To say that Centene Corp. (NYSE: CNC), a managed health care provider, has been on a roller coaster ride for the past few days may be an understatement. First, it and Molina Healthcare Inc. (NYSE: MOH) fell sharply on Thursday following new, lowered guidance from Molina related to costs outpacing revenues in Texas, where both companies do business. Then on Friday, both companies got the welcome news that contracts in Ohio had been awarded.
Today, Centene revised its EPS guidance down by more than $1/share, from $2.64-$2.84 to $1.45-$1.65 on what the company called “negative financial results” in Kentucky and Texas. The company now projects a loss in the second quarter, but says profitability will return in the third quarter. The consensus estimate for the second quarter had been EPS of $0.58 and for the full year EPS of $2.68. Centene is also considering taking a non-cash impairment charge on its Celtic individual health policies of $28 million, which is not included in today’s revised guidance.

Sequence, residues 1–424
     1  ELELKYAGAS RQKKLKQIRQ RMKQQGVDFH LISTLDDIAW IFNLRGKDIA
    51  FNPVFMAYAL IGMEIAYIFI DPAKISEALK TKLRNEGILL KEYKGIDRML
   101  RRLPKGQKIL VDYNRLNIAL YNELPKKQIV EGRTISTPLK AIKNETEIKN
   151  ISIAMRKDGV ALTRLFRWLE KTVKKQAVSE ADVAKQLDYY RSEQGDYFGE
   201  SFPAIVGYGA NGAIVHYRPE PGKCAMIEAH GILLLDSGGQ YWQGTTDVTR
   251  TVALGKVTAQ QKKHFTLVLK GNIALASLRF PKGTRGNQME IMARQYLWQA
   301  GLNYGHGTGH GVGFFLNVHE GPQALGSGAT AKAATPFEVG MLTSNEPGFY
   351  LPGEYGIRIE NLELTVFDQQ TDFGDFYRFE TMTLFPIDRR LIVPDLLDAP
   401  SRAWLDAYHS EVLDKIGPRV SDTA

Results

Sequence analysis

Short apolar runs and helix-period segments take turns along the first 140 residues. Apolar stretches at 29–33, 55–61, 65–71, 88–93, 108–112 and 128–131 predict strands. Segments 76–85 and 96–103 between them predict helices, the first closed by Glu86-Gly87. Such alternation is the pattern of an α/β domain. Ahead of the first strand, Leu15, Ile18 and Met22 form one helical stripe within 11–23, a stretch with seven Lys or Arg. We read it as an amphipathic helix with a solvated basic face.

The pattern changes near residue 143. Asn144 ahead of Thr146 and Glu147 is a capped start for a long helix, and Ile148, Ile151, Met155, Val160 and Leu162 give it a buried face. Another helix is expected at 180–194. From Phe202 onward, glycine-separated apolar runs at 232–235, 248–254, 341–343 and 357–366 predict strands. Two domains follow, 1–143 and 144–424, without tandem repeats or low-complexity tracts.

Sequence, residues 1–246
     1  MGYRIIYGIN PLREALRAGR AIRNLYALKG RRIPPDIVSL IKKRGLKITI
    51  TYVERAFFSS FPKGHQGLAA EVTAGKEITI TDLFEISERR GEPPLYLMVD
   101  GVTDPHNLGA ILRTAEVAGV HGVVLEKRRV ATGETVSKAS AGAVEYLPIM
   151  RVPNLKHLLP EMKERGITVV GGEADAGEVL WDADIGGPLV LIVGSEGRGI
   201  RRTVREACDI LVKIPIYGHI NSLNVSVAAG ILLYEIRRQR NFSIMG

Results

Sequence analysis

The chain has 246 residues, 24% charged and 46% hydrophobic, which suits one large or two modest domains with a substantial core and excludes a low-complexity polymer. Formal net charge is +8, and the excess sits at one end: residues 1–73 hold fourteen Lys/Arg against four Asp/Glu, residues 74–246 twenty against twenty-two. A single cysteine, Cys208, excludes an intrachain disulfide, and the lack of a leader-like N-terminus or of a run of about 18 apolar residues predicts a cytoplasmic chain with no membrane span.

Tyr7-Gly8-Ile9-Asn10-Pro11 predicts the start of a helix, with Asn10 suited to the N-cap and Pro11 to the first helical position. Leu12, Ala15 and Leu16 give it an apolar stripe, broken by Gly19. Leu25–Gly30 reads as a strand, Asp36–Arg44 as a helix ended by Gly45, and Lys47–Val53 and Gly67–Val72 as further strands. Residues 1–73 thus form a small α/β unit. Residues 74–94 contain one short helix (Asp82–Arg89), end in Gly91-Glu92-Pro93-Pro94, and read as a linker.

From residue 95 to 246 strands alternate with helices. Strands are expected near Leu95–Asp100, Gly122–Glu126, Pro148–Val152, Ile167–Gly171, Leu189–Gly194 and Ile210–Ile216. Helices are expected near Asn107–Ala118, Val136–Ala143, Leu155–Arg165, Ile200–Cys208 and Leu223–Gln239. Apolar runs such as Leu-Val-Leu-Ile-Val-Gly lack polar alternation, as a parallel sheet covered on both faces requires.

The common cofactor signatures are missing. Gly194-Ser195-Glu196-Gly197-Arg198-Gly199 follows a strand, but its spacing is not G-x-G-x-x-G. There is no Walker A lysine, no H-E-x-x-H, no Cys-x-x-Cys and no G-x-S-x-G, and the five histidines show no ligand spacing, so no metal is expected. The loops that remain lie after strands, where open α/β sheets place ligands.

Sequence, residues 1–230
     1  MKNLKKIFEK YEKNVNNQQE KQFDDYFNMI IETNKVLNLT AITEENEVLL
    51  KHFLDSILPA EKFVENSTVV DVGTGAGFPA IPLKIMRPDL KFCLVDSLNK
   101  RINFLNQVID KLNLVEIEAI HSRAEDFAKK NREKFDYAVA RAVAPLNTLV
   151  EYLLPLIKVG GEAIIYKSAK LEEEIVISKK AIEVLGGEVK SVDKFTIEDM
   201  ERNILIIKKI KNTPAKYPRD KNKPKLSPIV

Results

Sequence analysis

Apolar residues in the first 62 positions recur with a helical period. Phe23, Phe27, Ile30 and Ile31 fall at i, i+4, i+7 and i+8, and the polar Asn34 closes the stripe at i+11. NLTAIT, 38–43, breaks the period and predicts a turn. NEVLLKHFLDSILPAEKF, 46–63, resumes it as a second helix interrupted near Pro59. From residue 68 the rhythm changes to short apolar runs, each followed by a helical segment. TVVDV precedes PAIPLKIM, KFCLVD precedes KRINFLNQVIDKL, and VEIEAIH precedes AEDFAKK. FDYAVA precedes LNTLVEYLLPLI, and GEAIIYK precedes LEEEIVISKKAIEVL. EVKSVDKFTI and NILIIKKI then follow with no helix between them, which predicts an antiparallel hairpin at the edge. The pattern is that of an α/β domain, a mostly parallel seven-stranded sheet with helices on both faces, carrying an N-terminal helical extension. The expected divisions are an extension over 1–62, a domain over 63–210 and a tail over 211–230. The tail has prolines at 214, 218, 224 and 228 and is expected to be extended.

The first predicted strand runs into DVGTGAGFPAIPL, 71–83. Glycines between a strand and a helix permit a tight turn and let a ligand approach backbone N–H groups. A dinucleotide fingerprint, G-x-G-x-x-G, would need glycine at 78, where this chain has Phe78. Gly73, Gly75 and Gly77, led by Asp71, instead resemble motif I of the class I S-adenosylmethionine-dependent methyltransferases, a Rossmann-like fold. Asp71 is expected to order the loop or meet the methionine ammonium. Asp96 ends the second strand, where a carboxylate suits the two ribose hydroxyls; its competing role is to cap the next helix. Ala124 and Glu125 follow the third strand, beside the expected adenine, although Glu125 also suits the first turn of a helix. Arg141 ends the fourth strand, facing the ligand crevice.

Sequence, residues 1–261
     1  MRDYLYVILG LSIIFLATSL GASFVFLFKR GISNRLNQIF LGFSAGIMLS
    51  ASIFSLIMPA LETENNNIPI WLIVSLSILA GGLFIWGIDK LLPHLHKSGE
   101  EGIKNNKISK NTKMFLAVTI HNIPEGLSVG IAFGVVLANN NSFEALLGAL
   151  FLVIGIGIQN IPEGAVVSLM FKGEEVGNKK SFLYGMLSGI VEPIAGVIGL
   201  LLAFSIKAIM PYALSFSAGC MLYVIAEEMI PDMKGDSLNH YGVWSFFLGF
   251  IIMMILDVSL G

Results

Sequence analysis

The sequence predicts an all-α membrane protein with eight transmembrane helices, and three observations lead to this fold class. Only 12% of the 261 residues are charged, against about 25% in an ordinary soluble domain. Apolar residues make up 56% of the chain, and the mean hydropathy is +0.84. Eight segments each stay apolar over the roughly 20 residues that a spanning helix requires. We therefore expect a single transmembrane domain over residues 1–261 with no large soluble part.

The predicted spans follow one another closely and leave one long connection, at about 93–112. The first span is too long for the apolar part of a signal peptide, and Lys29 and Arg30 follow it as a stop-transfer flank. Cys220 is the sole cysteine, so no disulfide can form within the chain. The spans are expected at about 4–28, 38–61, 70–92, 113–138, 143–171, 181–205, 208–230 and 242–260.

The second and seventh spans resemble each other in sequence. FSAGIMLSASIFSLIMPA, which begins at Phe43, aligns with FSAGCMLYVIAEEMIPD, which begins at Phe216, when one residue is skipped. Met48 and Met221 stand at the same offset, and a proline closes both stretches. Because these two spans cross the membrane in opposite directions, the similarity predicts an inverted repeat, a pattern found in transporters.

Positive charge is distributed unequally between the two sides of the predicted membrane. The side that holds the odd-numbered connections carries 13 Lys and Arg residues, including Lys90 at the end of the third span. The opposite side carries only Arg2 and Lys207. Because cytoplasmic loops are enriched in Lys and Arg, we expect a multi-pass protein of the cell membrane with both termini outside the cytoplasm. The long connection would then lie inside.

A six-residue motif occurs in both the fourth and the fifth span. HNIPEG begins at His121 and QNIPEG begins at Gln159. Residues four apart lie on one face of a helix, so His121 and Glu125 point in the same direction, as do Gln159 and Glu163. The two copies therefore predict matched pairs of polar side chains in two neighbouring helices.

For the past 12 months, Amerigroup Corp. (NYSE: AGP) shares are down nearly -16% compared with Molina, down about -16.5% and Centene down -21%. Providers Wellcare Health Plans Inc. (NYSE: WCG) and Unitedhealth Group Inc. (NYSE: UNH) are up 8% and 20%, respectively.
Centene attributed the revised guidance to higher costs and significantly more non-inpatient claims in May. Ultimately Centene will be forced to raise premiums to cover rising costs, and so will Molina and probably the others as well. The upward spiral of US health care costs continues.